• Yay for Ender!
    Sadly, this took me ages to read. But when I finally got around to it, I was amazed and touched beyond words.

    On the surface, this is a fairly typical sci-fi novel, but what makes it stand out as the modern classic that it has become is the deeply felt emotion. This remembers to be a book that is about people and how we treat one another.

    A war is occuring, an attack on an alien species affectionately known as the Buggers who have attacked Earth twice before. Understandably Earth is sick of it and doesn't want to be wiped out this time. So they twist the Golden Rule and begin an army to make this aforementioned attack. To do this, they train young shoulders to be commanders, pilots, whatever. This is where the boy genius Andrew "Ender" Wiggins comes in.

    We get to watch Ender go through incredible and heartbreaking training that forces him to be more than the little kid he needs to be. On top of that, we see intriguing perspectives of other characters that surprise us in their effects on the plot.

    This is a well-written story that manages to be driven equally by both character and plot, with plenty of emotion and philosophy in both.

    Basically, I bawled through this. It was that good. ...more info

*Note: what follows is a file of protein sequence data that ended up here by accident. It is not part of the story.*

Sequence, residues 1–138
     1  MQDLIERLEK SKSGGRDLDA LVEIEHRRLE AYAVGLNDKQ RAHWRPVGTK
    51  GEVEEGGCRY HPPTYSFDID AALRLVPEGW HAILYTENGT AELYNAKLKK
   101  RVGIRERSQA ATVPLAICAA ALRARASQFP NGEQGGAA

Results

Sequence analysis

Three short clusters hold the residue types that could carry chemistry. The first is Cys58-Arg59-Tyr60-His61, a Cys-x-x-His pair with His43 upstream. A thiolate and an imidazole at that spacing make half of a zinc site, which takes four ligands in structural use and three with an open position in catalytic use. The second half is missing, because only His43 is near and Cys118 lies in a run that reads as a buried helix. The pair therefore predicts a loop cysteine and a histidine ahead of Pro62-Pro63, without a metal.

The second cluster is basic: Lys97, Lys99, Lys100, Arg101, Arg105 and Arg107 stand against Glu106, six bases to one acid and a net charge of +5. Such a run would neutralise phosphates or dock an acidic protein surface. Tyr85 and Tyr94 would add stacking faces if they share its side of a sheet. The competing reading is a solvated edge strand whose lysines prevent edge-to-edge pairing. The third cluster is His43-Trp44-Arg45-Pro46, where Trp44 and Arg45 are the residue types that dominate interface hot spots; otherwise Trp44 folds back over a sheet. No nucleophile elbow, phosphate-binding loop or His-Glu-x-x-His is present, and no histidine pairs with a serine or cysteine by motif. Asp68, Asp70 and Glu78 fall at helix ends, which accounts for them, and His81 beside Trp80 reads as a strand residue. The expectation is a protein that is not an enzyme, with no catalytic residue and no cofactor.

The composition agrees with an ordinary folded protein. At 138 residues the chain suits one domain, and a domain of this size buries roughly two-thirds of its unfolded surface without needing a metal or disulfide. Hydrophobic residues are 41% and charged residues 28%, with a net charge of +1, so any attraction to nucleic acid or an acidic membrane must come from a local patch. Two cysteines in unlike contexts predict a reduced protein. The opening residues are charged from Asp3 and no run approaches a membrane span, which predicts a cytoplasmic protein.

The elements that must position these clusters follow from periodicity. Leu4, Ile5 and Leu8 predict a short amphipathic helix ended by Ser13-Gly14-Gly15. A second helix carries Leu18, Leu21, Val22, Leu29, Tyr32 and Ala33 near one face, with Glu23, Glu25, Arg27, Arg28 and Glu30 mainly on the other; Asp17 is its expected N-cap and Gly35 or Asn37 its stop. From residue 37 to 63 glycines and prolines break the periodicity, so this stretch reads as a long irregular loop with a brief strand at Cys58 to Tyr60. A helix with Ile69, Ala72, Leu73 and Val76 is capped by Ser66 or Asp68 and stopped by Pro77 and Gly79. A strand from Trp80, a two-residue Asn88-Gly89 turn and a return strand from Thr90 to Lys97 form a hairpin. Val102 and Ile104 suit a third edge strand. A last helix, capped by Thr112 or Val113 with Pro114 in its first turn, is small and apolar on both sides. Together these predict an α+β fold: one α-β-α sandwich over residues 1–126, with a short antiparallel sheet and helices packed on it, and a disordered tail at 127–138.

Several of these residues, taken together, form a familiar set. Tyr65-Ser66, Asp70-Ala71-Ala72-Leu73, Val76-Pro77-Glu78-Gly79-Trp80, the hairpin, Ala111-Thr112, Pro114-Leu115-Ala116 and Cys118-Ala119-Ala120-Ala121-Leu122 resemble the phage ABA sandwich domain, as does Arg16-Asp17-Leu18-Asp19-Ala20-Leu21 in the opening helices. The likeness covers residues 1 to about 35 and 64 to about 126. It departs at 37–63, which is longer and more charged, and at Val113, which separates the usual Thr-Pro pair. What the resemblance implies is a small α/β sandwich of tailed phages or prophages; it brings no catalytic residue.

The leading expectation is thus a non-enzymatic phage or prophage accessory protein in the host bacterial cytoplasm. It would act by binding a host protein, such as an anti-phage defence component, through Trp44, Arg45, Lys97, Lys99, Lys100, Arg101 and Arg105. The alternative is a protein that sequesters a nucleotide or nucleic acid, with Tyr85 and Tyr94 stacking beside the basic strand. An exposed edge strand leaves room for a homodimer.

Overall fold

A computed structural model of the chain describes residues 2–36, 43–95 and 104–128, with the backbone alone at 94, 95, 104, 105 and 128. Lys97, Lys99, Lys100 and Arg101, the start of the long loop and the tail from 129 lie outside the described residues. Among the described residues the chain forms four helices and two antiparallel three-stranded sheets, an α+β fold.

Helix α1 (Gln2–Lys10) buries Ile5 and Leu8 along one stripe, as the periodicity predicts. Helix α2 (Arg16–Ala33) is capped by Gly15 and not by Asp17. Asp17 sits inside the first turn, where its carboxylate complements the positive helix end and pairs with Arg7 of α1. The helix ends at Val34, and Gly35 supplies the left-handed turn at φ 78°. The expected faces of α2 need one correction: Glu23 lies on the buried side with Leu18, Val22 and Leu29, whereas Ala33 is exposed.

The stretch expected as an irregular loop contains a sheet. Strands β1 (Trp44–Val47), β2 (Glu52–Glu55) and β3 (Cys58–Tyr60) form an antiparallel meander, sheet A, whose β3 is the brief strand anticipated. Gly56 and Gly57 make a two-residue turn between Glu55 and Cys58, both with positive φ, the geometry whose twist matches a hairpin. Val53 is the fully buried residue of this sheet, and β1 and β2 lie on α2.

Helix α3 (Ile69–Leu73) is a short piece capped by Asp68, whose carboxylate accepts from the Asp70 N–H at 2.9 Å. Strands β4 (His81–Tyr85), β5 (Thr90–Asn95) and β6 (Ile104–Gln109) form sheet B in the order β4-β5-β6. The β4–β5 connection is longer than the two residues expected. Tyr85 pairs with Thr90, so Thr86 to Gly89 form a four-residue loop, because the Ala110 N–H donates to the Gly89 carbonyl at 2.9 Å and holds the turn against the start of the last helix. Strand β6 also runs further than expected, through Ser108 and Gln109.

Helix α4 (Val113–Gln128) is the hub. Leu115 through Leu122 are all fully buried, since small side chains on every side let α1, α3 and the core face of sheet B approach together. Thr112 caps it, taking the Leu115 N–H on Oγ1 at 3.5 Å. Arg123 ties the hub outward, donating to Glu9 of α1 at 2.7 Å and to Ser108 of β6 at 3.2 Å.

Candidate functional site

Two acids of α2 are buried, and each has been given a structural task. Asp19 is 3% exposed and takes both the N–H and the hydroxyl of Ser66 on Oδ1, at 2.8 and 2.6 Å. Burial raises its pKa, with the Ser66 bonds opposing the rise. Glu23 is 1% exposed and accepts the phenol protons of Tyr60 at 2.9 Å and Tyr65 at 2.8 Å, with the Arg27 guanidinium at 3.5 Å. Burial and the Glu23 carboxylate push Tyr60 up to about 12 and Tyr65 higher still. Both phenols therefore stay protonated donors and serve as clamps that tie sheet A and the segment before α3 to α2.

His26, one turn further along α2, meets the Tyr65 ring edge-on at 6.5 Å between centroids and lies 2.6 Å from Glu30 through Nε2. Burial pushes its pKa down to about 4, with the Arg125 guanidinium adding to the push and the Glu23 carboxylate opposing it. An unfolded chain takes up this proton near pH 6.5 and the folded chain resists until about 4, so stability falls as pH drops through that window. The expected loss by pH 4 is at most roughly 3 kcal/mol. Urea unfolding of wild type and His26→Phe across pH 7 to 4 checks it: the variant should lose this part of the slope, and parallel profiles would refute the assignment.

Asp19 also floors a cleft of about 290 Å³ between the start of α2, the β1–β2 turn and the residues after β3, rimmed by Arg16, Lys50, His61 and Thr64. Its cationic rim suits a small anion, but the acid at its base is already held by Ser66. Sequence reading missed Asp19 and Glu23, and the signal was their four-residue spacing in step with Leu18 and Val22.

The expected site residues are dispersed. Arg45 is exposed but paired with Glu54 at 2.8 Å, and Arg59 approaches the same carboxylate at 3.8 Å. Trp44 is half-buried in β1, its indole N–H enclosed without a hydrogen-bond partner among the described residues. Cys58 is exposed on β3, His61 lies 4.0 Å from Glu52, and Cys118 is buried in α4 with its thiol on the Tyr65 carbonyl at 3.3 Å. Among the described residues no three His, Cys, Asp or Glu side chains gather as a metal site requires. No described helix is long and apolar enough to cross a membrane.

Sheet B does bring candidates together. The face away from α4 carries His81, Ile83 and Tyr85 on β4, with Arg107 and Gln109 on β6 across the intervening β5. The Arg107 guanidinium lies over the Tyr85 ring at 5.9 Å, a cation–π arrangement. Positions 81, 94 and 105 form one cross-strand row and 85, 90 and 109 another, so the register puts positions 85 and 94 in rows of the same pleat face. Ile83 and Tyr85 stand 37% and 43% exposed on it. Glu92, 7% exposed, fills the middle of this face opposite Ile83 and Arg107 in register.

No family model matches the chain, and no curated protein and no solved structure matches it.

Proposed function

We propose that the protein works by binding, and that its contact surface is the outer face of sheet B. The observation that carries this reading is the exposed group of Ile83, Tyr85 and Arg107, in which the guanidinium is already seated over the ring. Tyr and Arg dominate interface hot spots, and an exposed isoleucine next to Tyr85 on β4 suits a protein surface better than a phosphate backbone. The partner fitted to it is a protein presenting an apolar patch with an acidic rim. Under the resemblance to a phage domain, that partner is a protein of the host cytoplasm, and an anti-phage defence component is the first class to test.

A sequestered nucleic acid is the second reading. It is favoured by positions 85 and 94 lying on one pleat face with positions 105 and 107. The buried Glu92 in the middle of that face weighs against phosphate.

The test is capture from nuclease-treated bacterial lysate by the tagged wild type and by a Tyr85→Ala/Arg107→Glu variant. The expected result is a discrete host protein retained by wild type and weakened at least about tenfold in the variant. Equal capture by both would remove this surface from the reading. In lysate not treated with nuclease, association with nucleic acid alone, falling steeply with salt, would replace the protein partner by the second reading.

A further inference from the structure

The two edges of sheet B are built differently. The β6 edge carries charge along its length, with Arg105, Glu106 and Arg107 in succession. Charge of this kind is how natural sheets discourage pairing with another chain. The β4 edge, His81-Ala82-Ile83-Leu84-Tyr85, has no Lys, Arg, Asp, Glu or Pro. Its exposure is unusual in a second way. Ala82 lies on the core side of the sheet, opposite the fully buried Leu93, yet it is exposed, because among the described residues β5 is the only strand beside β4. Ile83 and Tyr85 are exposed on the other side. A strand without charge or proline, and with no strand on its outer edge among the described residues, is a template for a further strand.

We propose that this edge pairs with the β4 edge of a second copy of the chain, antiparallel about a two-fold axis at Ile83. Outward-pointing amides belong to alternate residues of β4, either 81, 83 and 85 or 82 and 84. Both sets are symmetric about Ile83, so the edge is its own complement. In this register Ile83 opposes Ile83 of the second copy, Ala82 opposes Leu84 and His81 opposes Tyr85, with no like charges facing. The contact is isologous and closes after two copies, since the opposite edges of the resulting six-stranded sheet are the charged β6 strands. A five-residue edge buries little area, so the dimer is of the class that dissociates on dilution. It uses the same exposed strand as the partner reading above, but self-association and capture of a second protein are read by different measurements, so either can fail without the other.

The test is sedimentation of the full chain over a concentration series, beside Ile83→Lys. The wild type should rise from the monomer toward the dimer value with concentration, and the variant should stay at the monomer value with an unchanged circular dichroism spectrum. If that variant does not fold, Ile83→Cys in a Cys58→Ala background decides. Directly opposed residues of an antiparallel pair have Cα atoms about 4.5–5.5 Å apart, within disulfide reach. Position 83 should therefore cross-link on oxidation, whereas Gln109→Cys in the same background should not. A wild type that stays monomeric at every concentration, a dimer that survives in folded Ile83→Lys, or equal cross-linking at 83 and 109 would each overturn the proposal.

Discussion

• fantastic novel
    This book has become a sci-fi classic in a short time. Fast read and will always be remembered! Highly recommended....more info
  • Wow.....just....WOW!
    I read Ender's Game when my 21 year old daughter finished it and told me "read it, you won't be sorry." I did, I wasn't. In fact for the first time in my entire 40 plus years, when I finished it, I turned to the front and started it all over again! This time I even read the authors intro!! I am not a science fiction fan by any means, but this is just an amazing story that is almost impossible to put down. So as my daughter says: "read it, you WON'T be sorry!"...more info
  • Ender's game- I keep having to buy new copies because no one will give it back
    I read a lot, and this is a book I can always come back to and I love it all over again. Even though it is an older book, it feels like it was written for our times. The desks are computers in the school, for example. I keep giving books to friends and family with diverse reading tastes, and they all love it so much that they won't give it back. If you are looking for a book that teaches heart, bravery, honesty, integrity, what it means to work as a team, and how to overcome adversity. . .you've found your book. It is simply amazing! ...more info
  • Get Into The Game
    Ender's Game is a great book for all ages and genders. This book is the story of a young boy, Ender, who is blessed with super human intelligence. He is taken to an area in space called Battle School where the government has bred super human commanders. As the boy grows, you go with him on his journey where the adults isolate him and destroys every last mental gate so that the government can use him as the ultimate weapon. This book is a great book for someone who doesn't like books that take their time. This book jumps right into the action and engrosses the reader through the whole story. From when Ender is a six year old boy trying to fight his way through simulation battles, to when he is twelve years old sending his army into a battle that would save the world. I this book think could be a considered a classic.